The Institute for Policy Studies today joined labor, consumer, social investment, and other groups in applauding a long overdue vote by the Securities and Exchange Commission to implement a new CEO-worker pay ratio disclosure rule.
“We finally have an official yardstick for measuring CEO greed,” said Institute for Policy Studies analyst Sarah Anderson. “This is a huge victory for ordinary Americans who are fed up with a CEO pay system that rewards the guy in the corner office hundreds of times more than others who add value to their companies.”
“The new SEC rule could pave the way for further reforms that go beyond disclosure,” said IPS veteran compensation analyst Sam Pizzigati. “At the state level,lawmakers are already moving to subject corporations with wide CEO-worker pay gaps to a higher corporate income tax rate – or give corporations with more moderate pay divides a better shot at gaining government contracts.”
“This new ratio information,” Pizzigati adds, “will make it easier to ensure that our tax dollars do not enrich corporations that are widening our economic divide.”
Pizzigati and Anderson have been calling for CEO-worker pay disclosure for many years, including in this 2008 article in The Nation.
The 3-2 SEC vote came just over five years after the 2010 Dodd-Frank Act mandated — in section 953(b) — that America’s publicly traded corporations annually report the ratio between their chief executive and median worker compensation.
Corporate lobby groups and Republicans have fought aggressively to repeal or water down this section of Dodd-Frank. In congressional testimony last week, former Texas Senator Phil Gramm attacked it as nothing but “political demagoguery.”
The U.S. Chamber of Commerce has charged that the disclosure rule would result in “fundamentally flawed and misleading statistics” and claimed large companies would each need to spend an average of 1,825 hours, at a cost of $311,800, to produce the ratio. They and other corporate lobby groups argued the SEC should allow firms to exclude all foreign and part-time workers.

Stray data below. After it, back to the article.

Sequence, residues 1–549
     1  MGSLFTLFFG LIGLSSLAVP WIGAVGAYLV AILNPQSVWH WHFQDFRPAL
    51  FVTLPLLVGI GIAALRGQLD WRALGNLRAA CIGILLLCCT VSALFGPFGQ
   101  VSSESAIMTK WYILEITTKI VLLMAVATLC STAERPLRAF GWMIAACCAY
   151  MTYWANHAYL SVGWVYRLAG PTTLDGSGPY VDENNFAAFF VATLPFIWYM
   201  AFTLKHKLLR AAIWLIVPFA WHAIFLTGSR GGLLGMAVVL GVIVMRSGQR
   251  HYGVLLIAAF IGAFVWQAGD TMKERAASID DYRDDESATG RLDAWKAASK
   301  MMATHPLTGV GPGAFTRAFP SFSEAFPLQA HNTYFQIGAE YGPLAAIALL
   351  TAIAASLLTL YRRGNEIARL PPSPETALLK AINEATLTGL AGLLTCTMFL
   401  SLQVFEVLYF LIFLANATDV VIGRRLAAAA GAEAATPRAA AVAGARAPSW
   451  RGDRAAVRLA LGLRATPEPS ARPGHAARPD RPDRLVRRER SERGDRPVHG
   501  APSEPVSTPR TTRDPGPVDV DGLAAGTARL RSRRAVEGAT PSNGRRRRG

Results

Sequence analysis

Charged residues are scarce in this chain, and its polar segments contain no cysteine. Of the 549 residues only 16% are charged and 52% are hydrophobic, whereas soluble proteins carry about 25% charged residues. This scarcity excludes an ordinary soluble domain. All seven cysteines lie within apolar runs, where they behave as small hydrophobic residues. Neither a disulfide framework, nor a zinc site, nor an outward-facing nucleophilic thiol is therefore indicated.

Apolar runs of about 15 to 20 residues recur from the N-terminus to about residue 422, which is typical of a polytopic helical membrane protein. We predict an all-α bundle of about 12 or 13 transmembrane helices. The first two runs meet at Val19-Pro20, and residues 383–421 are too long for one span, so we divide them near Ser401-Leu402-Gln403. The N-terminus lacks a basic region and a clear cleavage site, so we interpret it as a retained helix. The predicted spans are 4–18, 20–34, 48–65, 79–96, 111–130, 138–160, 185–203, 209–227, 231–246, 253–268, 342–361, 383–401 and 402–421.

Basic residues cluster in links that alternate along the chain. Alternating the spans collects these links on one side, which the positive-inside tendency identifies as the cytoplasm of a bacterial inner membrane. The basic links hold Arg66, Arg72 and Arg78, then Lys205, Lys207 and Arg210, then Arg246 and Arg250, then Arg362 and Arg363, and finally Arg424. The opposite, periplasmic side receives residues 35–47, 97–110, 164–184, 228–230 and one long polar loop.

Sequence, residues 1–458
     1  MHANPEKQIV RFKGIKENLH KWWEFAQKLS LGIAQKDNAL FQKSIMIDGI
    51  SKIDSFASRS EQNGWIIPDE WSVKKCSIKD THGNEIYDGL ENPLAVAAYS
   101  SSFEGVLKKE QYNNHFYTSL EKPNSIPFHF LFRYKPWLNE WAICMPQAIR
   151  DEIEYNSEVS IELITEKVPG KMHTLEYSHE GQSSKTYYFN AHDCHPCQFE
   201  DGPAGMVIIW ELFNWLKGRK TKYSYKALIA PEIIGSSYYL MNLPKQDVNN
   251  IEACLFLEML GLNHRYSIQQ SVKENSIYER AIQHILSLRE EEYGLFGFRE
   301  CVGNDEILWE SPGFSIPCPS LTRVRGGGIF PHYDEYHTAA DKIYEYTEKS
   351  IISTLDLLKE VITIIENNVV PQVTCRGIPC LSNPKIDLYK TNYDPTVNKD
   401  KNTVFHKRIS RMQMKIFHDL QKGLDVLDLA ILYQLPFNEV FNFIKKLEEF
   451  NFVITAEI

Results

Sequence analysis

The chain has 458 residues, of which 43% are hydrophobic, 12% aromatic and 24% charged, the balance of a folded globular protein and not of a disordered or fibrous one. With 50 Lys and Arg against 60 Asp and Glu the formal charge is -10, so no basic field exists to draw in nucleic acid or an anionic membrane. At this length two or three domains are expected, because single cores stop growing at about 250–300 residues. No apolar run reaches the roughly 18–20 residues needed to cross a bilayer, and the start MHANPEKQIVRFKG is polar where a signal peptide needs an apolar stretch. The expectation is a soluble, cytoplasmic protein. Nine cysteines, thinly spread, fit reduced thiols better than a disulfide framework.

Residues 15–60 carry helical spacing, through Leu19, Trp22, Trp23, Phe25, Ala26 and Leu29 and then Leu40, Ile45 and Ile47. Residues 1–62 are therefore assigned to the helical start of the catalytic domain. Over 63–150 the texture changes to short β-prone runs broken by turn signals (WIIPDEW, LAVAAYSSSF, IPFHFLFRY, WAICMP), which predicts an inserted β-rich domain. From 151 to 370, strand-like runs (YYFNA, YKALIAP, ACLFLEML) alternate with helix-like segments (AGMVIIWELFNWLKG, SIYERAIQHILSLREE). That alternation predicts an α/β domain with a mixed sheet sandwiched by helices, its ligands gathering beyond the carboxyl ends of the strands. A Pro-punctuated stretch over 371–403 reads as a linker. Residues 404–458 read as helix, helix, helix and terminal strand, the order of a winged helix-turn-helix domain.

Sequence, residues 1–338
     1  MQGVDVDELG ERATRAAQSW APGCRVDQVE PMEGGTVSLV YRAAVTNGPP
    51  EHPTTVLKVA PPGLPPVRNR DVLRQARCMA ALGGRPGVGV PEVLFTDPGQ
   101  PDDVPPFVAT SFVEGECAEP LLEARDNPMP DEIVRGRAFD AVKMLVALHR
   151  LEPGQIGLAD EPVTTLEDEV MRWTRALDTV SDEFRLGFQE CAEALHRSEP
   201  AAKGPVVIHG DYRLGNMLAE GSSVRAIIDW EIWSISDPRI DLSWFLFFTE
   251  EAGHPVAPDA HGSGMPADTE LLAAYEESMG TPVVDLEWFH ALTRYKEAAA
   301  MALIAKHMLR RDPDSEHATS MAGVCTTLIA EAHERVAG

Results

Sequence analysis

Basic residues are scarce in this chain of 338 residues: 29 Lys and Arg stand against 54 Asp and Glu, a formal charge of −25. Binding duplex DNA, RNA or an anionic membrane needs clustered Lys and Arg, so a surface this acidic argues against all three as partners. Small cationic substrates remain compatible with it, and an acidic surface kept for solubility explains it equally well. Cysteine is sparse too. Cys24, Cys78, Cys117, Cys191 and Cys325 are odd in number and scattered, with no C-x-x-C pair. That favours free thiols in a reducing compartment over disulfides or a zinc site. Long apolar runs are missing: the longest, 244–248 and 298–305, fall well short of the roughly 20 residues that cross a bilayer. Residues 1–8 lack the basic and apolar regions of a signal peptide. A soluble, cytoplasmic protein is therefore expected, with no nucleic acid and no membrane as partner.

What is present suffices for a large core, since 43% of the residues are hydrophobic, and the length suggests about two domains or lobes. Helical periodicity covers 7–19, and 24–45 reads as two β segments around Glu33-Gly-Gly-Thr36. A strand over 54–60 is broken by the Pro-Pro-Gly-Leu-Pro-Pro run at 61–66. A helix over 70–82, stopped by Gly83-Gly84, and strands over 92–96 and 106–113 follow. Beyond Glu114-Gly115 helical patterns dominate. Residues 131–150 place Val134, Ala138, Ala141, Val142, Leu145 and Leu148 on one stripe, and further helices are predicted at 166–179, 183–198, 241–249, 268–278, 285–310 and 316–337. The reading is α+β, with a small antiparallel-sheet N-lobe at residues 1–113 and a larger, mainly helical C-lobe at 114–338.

In her opening remarks today, SEC Chair Mary Jo White noted that the SEC has received more than 287,400 public comment letters on the proposed CEO-worker pay ratio rule. An overwhelming majority of these were supportive. Members of Congress also pushed the SEC to finalize the rule. Rep. Keith Ellison (D-Minnesota) delivered a letter signed by 47 House members to the SEC Chair on July 27, urging swift action. In June, Senator Elizabeth Warren (D-Mass.) sent her own scathing letter, complaining of continued SEC delays on this and other Dodd-Frank rules. The AFL-CIO upped the pressure by submitting a Freedom of Information Act request for relevant SEC records.
In the end, the SEC inserted minor loopholes, including allowing companies to exclude up to five percent of their overseas workers from the pay-ratio calculation, despite Section 953(b) of Dodd-Frank explicitly referencing “all employees.” The SEC also decided to allow companies to calculate the median employee only once every three years, instead of every year. Neither of these loopholes are likely to result in significant differences in the median. IPS pay analysts were disappointed to learn today that the rule will not go into effect until fiscal year 2017, and so the first pay ratio numbers will not appear until the 2018 proxy season.
IPS executive compensation experts available for comment:
- Sarah Anderson directs the Global Economy Project at the Institute for Policy Studies. She has co-authored 21 IPS annual reports on executive compensation and regularly contributes commentaries on this issue to Fortune.com, Huffington Post, CNBC.com, and other outlets. Contact: firstname.lastname@example.org, 202 787-5227 (office) or 202 299 4531 (cell).
- Sam Pizzigati, an IPS associate fellow, edits Too Much, an online weekly newsletter on excess and inequality. His most recent book: The Rich Don’t Always Win: The forgotten triumph over plutocracy that created the American middle class, 1900-1970 (Seven Stories Press). Contact: email@example.com or 301-728-4182 (cell).
The Institute for Policy Studies has conducted path-breaking research on executive compensation for more than 20 years. On September 2, 2015, the Institute will release the 22nd annual IPS Executive Excess report: “Money to Burn: How Our CEO Pay System is Accelerating Climate Change.”